Credit rating agencies could be banned or prosecuted under a draft European Union law aimed at making them more accountable for the advice they give.

Firms that rate debt investments, such as Fitch, Moody's and Standard & Poor's, have been criticised for their role in the sub-prime mortgage crisis.

The new law would replace a voluntary code of conduct.

… was generally accepted that the agencies had "failed to reflect early enough in their ratings the worsening of market conditions thereby sharing a large responsibility for the current market turmoil".

(Editor: So what’s new? This has happened time and time again…..)

Friday, June 20, 2008

Letters of Credit … should state applicable law and jurisdiction

Letters of Credit (LCs) are still widely used in international trade, although they cover a diminishing proportion of that trade. Most sellers who receive and buyers who initiate LCs and their bankers know that their LCs must be opened subject to the Uniform Customs and Practices for Documentary Credits 2007 revision, as published by the International Chamber of Commerce, in publication number 600; generally called UCP 600.

However relatively few bankers and very few exporters and importers realise the importance of ensuring that the LCs they open, receive or initiate should stipulate the law and legal jurisdiction which applies in each case.

This becomes vitally important if a dispute arises regarding an LC. If applicable law and jurisdiction are not stated, the parties to the dispute may do some ‘jurisdiction shopping’ and/or place the matter in the hands of a court inexperienced in matters of international trade, which has to work with law that does not adequately support an equitable ruling.

UCP 600 is a body of rules incorporated into the LC contract. It is not law hence it does not have the force of law in any jurisdiction. It is a contract between the parties to the LC so the rules will be interpreted by a court simply as rules agreed by the parties, against the background of the applicable law.

I recommend the inclusion of a clause in all LCs stipulating either English law and English Courts, or Singapore law and Singapore Courts, or Hong Kong law and Hong Kong Courts, or New York law and New York Courts; simply because it is these courts that by virtue of the fact that they are based in trading hubs, have extensive experience and sound legislation and/or precedent decisions on which to base broad-minded judgements.

It may not always be possible to persuade an opening bank to include a law and jurisdiction clause but I have found through experience that most banks will agree. I have found that if you persist in requesting this clause it is possible to achieve a high percentage of success.

Feel free to take professional legal advice on this matter, but I recommend that if you do so you consult a lawyer with experience in international trade. I will be happy to recommend some appropriate legal firms if you are not familiar with the field.

Ron Wells

Saturday, May 31, 2008

Bretton Woods - No. Globalisation - Yes

Greetings …

I had the pleasure of attending the FCIB Conference in Budapest a couple of weeks ago. The key-note speech by the Chief Economist of Fortis Bank was amusing, interesting and informative. This was a veritable highlight. Some comments that stuck include; the USA resembles the Roman Empire before it fell, with a near zero savings rate and a $9 trillion debt burden. You can hear the silent cry of US residents – so we have no money, never-mind let’s go to the mall and spend some more of someone else’s money! The prediction is that – if we are all very lucky – the lenders to the US citizenry will not ask for repayment until about 2012/13. So we only have to deal with the sub-prime fall out for now.

The other point well made, amid many a chuckle, was that (i) globalisation, and (ii) technology have changed the rules for the world economy, so the Bretton Woods US consumer dominated model and the associated control mechanisms no longer apply.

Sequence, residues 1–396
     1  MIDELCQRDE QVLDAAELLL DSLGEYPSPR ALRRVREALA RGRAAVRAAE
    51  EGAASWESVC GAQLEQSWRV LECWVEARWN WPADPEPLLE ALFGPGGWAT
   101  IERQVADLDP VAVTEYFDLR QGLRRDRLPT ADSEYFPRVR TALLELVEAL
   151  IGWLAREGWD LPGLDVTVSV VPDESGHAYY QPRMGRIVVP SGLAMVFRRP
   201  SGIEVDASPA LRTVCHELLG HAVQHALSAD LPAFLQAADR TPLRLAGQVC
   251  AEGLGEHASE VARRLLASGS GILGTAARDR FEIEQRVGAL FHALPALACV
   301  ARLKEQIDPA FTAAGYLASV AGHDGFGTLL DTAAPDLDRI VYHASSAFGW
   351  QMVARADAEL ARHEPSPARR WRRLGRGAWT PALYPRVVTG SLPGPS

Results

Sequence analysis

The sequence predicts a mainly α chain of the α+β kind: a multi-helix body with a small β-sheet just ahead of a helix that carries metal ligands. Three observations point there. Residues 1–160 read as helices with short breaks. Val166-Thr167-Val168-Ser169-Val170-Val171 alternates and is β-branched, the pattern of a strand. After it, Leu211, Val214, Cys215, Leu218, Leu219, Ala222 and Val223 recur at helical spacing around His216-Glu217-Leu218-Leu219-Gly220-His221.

Participation in the world economy has grown ten fold since 1990 (800 million American-European-Japanese participants to 6000 million citizens) and technology has made the world ten times faster. Business has been turned on its head by technology and open access, from a heavy asset based fixed address model to an intelligence-connectivity model. Nation states have lost control since intelligence and connectivity has no fixed address.

The positive spin-off for all world citizens has been enormous. Sustained and stable economic growth, low inflation and low real interest rates; despite the world financial crises companies in the real economy are still in good shape.

Were you at the FCIB conference I Budapest? If so, what were your impressions? If not, do you agree with the sentiments that I have poorly represented above?

Regards Ron

PS: Find out more about the FCIB on

Sunday, May 18, 2008

Invitation to join GCMG – No formalities required …

You are warmly invited to become a member of GCMG – in fact you are already a member. We do not need to know your name, or where you live, you need no qualification other than an interest in B2B credit management, which you obviously already possess. There is no fee to pay!

There are three types of member of GCMG, you are free to choose which one you wish to be and free to change category whenever you like.

The first type of member is a Spectator, who visits the blog from time to time and reads the content. Spectators sometimes pass on a link to friends and colleagues, or send a copy of an interesting item posted.

The second is a Questioner, who visits regularly and from time to time submits a question related to international B2B credit management.

The third is a Contributor, who offers answers and advice to Questioners via blog comments. Contributors are also encouraged to suggest books and articles that members may find interesting and to post reviews. Suggestions regarding new techniques and technologies are likewise welcome. Send an email to and your contribution will be posted under your name or nom-de-plume, as you wish.

All members are valuable, all are welcome.

Ron Wells

Note: B2B = business to business

Saturday, May 17, 2008


Comments published on behalf of the GCMG will appear here regularly.

The formation of the GCMG was inspired by the exploits of Credit Agent 007.24 Samuel James Bond Barrett in Central Africa in the mid-nineties. That amazing story illustrated the way forward for 21st century credit management.

Read the full story at

I’m also looking forward to reading your comments in due course.

Ron Wells